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The Beginner's Guide to Buying a Burr Grinder

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When it comes to coffee brewing, switching from pre-ground to fresh ground is one of the most striking changes you can make at home. Coffee stales rapidly once ground, and there are few good ways to preserve the freshest flavors for an extended period of time. Whenever possible, it’s best to grind each time you brew so your ground coffee is as fresh as it can be.

If you’ll pardon a little coffee science for a moment (lab coats and goggles on, please!), let’s take a look at why pre-ground coffee can be underwhelming. Roasted coffee is susceptible to a number of staling factors, and will expire as its flavor degrades irreparably over time. One of the chief elements of staling is oxidation, where oxygen molecules in the air react with the various flavor compounds in coffee and cause them to change or break down. Fresh coffee is vibrant and lively, bursting with flavorful oils and sparkling aromatic compounds. When exposed to oxygen and time, however, your coffee’s oils will go rancid, and the aromas -- naturally volatile, fleeting, and rather delicate -- will dim and dissipate. The result: what was once an expressive and unique coffee experience has now faded into a more generic roasty “coffee” flavor.

Freshly ground coffee is noticeably more lively than pre-ground: when it comes in contact with hot water, it will swell and bloom, releasing bountiful aromatics.

Coffee staling will happen gradually over time, even with whole bean coffee. But when you grind coffee, you increase the overall surface area dramatically. All that extra surface means even more exposure to oxygen, light, and heat, and the resulting flavor loss is noticeable in a matter of minutes. Buying a bag of pre-ground coffee is awfully convenient, but more often than not that bag is stale before it hits the shelf.

But wait, there’s good news! Having your own grinder (sometimes called a coffee mill) at home means you can fend off staling and capture your coffee’s very best qualities each time you brew. Still, grinders can be an expensive investment, and with so many choices on the market it can also be difficult to find which is most suitable to your needs. It’s understandable that selecting a grinder can be daunting, so where do you start?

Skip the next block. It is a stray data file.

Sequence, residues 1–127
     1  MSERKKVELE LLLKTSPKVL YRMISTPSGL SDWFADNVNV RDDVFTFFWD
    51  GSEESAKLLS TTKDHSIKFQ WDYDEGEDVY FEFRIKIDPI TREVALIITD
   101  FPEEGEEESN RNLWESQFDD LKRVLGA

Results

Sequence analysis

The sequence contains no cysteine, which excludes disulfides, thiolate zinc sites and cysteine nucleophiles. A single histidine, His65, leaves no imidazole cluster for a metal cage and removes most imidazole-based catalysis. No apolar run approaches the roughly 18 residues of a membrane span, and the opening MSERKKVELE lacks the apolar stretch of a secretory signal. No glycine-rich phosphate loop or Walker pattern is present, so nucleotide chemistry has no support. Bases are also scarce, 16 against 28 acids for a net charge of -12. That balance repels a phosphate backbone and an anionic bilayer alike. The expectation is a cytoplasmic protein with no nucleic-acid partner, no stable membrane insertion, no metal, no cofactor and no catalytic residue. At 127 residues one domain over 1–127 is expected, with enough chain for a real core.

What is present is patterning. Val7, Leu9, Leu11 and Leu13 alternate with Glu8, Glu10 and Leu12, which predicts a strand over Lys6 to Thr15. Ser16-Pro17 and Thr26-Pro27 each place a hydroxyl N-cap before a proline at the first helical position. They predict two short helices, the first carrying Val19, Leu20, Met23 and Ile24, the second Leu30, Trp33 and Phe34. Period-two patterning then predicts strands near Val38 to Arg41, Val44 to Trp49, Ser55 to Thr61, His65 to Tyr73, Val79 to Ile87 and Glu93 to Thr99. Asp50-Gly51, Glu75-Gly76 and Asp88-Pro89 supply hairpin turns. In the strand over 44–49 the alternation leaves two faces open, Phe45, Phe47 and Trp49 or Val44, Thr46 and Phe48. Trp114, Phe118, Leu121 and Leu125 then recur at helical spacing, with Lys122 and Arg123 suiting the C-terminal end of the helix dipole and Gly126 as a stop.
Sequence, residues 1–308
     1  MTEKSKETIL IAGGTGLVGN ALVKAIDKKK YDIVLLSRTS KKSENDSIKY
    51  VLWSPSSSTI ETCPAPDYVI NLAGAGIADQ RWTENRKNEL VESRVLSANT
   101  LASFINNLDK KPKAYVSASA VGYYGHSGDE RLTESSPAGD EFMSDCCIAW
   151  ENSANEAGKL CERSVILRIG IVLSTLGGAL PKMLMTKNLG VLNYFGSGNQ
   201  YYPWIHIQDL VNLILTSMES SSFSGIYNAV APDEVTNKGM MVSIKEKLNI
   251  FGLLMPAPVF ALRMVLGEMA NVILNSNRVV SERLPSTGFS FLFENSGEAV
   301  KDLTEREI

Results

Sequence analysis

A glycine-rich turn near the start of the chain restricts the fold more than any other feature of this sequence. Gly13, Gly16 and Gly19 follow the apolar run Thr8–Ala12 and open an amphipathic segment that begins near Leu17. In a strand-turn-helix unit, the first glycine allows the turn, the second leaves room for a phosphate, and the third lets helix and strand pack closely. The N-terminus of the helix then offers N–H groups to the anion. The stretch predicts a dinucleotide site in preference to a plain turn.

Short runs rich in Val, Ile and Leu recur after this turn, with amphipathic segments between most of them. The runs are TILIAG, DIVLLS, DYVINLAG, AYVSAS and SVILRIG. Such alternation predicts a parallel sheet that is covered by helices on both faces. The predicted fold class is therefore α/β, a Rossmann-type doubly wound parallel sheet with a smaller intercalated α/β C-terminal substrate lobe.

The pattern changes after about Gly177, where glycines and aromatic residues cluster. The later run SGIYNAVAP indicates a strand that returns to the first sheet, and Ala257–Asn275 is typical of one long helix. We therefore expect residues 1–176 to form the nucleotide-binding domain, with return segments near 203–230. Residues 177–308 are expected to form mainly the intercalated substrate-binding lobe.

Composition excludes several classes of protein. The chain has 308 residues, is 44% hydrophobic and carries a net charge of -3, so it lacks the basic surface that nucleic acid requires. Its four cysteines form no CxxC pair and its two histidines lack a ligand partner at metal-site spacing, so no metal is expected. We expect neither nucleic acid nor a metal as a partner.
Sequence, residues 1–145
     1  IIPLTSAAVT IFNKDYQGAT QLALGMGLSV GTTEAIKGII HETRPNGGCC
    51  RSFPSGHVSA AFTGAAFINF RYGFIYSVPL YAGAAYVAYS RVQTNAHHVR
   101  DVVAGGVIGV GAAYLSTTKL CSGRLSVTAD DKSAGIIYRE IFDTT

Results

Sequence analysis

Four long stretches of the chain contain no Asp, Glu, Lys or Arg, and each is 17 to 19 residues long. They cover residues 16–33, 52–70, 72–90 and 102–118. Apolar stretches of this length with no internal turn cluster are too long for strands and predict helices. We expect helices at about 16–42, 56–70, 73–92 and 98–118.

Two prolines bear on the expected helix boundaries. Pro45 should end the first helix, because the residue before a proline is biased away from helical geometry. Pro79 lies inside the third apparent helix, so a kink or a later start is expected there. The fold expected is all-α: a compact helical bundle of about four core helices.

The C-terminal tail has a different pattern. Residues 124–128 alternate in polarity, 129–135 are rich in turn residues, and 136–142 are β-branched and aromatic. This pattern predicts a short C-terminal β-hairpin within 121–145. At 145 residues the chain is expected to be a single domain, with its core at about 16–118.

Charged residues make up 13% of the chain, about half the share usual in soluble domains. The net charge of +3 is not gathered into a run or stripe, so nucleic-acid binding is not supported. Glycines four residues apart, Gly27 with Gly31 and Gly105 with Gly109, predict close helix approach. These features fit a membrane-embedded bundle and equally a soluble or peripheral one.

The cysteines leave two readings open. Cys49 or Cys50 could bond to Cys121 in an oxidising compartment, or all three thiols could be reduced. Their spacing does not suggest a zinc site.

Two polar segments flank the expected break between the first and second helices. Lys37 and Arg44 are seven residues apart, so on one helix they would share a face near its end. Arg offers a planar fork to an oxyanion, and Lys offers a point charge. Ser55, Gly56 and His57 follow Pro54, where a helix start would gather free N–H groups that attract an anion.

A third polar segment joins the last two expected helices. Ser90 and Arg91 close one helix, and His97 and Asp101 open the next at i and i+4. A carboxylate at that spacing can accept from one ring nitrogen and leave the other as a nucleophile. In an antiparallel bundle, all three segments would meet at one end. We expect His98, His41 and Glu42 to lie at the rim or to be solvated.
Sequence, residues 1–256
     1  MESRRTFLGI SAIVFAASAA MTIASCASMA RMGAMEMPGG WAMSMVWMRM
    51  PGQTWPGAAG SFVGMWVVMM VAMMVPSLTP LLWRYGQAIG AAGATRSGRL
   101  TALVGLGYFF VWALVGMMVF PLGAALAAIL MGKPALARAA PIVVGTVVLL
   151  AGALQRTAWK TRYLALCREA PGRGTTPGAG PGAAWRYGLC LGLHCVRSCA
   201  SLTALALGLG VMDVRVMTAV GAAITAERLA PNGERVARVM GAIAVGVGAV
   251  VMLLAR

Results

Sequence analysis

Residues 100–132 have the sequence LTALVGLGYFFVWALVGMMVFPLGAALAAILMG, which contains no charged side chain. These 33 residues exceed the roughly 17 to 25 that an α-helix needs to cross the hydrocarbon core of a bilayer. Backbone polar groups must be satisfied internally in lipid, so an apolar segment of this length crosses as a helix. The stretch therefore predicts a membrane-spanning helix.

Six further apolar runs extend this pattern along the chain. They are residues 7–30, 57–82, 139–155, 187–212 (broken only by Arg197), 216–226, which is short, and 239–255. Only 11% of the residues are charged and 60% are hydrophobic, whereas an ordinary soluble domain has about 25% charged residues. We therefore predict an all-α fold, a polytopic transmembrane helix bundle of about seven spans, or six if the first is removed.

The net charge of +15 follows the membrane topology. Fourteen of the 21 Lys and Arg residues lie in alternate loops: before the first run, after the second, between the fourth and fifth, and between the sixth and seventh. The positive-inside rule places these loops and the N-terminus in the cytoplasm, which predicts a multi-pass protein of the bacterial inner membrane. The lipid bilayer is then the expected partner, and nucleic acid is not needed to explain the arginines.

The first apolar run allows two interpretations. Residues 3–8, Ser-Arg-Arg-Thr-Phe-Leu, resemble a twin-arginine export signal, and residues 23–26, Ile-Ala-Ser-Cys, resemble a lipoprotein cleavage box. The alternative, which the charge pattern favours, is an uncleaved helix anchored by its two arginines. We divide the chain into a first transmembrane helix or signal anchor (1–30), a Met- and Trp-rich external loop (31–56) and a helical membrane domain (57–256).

In this guide, we'll walk you through the basics of buying a burr grinder - from the core principles of grinding to product recommendations to fit your needs and budget. Part One is all about the basics, and Part Two is for those of you who are ready for the next steps, including moving on to the Holy Grail of home coffee brewing: espresso! So let's get started, shall we?



In our first installment, we take a look at the reasons a burr beats a blade, and what that means for your brews. If you're just getting started in the coffee world, or you're ready to move past a whirly blade grinder but aren't sure what to get, this guide's just for you. Start here for a primer on why burr grinders are better for your coffee, and what to look for when buying your own. Part One: Burr Grinder Basics



Know your way around a V60, and think you're ready to break open that piggy bank to put down some real coin on a grinding machine? Check out our second installment for tips on moving up in the grinder world, especially if you're thinking about getting into espresso. We'll cover everything from modest consumer grinders that pack a punch, to superstar commercial machines for truly fanatical coffee enthusiasts. Part Two: Stepping Up Your Grinder Game

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